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7 kids and a budgie

I’m a 51 year old mother of seven I’m a grandma to 8 granddaughters and 1 grandson. My father passed at 60 from COPD after years of chest problems.

I started with asthma at age 24 and by 30 I had my first sign of COPD. In the last year I have had two respiratory arrests I spent time in the ICU in a coma for few days. This happened again 8 months later and on both occasions I was lucky to have someone nearby. The second time I did not go to the ICU – they said no point, I was going to die within 48 hours.

No doctor knows what arrest anaphylaxis is. I’m house bound, not just with my breathing, but fear of just stopping breathing for no reason.

Can anyone help?

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  • Leon Lebowitz, BA, RRT moderator
    4 years ago

    Hi Jftss5.
    As our moderator, Ann, has pointed out, you have certainly undergone a significant ordeal medically. Ann has provided a thorough explanation of anaphylaxis for our community to better understand your issues. It is entirely possible that your respiratory arrest is caused by a severe allergic reaction to some ‘trigger’, that is as yet, undefined. Having said that, it is extremely unlikely that you will stop breathing for ‘no reason’; the challenge is to identify what might predispose you to this overwhelming allergic reaction. To determine that, a specialist (as Ann mentioned) will be able to guide you.
    All this is frightening, to be sure, but securing appropriate medical assistance will go a long way towards putting your mind at ease and enabling you to live more normally again.

    We appreciate you sharing your experience here in our online community and wish you the best. Please feel free to let us know how you are doing and if we can be of further assistance.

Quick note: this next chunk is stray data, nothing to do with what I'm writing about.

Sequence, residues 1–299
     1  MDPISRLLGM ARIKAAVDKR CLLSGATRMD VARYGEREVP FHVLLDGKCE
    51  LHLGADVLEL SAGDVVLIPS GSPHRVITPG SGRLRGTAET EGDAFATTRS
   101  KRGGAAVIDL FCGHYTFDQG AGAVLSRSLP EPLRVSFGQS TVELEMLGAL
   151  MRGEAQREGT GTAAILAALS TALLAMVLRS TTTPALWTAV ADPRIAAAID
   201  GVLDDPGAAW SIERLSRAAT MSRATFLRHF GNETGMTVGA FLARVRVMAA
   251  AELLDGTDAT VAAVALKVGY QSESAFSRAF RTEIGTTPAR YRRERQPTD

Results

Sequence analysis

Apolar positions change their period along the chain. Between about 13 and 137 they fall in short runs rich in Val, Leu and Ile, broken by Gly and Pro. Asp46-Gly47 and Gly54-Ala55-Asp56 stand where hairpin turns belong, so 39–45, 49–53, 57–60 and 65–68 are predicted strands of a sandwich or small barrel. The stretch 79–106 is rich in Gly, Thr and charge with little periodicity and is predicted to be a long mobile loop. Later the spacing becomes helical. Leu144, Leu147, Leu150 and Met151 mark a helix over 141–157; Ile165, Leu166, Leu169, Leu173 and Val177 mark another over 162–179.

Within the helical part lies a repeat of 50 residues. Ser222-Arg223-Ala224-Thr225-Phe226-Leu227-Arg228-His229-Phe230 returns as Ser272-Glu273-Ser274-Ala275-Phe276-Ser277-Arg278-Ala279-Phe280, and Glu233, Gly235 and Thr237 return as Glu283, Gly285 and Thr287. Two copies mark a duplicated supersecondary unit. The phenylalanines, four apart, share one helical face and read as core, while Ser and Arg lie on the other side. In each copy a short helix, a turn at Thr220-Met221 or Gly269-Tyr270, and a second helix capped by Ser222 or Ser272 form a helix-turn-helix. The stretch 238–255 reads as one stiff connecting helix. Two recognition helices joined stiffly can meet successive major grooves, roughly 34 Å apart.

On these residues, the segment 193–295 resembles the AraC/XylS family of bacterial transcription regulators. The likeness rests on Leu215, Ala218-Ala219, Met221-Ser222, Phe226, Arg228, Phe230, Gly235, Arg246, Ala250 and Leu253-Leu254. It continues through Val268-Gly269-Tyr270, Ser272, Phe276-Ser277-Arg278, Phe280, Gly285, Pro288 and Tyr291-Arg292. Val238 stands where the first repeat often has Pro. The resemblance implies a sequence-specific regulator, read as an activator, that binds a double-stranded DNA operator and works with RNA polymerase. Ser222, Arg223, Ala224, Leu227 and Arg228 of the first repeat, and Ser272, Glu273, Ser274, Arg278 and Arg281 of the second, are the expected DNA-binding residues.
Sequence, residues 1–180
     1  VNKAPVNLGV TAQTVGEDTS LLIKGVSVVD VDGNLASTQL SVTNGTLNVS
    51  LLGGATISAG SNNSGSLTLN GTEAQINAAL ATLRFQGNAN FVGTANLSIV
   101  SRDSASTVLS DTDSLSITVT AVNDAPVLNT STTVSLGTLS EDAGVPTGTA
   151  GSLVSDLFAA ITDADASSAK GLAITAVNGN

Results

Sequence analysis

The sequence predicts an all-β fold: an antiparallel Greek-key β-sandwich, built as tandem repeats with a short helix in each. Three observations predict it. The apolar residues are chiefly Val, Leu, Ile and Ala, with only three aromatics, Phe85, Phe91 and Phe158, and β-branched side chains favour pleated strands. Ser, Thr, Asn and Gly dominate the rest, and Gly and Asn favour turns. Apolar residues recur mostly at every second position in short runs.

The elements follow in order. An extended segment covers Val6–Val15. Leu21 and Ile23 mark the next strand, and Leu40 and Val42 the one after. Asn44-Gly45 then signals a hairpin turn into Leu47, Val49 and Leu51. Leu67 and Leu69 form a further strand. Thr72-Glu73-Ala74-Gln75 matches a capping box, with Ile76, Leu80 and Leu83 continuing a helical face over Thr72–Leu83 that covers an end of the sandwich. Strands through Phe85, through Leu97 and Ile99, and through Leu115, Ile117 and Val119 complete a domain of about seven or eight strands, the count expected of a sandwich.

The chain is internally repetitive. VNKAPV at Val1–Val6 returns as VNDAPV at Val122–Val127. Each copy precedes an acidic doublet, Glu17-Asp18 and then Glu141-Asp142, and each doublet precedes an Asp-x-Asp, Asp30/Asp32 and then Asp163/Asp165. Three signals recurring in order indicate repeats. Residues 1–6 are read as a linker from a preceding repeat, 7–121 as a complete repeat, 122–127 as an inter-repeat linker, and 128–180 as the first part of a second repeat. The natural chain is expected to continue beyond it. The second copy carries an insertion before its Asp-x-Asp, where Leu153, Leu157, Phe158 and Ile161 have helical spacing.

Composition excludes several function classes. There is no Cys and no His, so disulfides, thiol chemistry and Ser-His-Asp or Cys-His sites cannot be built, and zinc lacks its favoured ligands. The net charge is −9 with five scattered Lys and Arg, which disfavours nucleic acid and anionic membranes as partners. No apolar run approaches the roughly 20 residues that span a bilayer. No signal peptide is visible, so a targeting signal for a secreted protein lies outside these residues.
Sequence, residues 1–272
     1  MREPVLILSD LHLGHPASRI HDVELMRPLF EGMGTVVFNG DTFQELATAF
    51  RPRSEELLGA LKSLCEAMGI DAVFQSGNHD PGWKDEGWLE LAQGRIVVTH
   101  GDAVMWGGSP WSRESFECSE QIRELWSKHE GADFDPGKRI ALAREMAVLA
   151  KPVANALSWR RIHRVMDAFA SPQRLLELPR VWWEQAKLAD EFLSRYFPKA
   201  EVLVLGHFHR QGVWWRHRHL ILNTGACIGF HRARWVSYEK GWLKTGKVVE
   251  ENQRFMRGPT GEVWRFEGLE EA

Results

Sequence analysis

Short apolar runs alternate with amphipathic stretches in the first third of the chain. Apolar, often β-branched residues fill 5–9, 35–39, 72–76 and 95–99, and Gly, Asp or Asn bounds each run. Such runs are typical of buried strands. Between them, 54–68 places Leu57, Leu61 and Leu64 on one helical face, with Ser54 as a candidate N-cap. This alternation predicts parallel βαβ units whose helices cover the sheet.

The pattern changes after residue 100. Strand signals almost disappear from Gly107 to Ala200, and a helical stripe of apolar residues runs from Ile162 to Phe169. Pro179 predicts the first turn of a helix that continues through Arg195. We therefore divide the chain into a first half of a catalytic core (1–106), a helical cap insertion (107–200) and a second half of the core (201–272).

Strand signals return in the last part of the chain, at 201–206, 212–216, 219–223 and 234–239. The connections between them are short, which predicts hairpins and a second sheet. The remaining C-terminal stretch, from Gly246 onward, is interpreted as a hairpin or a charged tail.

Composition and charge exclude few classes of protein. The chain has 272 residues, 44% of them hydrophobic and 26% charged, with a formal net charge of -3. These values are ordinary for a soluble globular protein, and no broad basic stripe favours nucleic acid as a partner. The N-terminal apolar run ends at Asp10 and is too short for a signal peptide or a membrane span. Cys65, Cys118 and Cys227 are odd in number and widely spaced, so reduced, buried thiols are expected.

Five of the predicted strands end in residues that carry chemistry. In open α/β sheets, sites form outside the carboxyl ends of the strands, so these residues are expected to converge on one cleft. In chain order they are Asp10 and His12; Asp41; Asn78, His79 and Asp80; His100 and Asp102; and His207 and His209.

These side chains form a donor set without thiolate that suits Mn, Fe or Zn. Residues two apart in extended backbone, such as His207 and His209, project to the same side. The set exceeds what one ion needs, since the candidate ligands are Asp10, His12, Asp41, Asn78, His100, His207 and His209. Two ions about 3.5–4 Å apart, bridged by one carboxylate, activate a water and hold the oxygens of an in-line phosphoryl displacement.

Best regards,
    Leon (site moderator)

  • Ann D. Cuccia, MPH RRT moderator
    4 years ago

    Dear jftss5,

    After what you have experienced it is understandable that you would be fearful of another event.

    For those in our community who may not be familiar with the term, anaphylaxis is a sudden whole body allergic reaction which can be life-threatening or fatal.

    A consultation with a physician specializing in allergy and immunology or a visit to an allergy clinic might be helpful in providing you with more information about what the possible allergen is (food, nuts, latex, insect stings, or medications) so that you know what to avoid and how to manage your symptoms. Additionally, because of your history, they may prescribe an EpiPen®; this is a device that contains the drug epinephrine or adrenaline that is used when the first signs of a reaction occur while you are waiting for the ambulance to arrive.

    An experience like yours is extremely frightening and can make you leary of venturing out. Gaiining more insight into what you are allergic to and how to manage your symptoms may make you feel more comfortable and confident.

    Thank you for sharing your experience with our community, by sharing you help us all! Please check in again to let us know how you are doing.

    Yours in Health, Ann Cuccia (Moderator)

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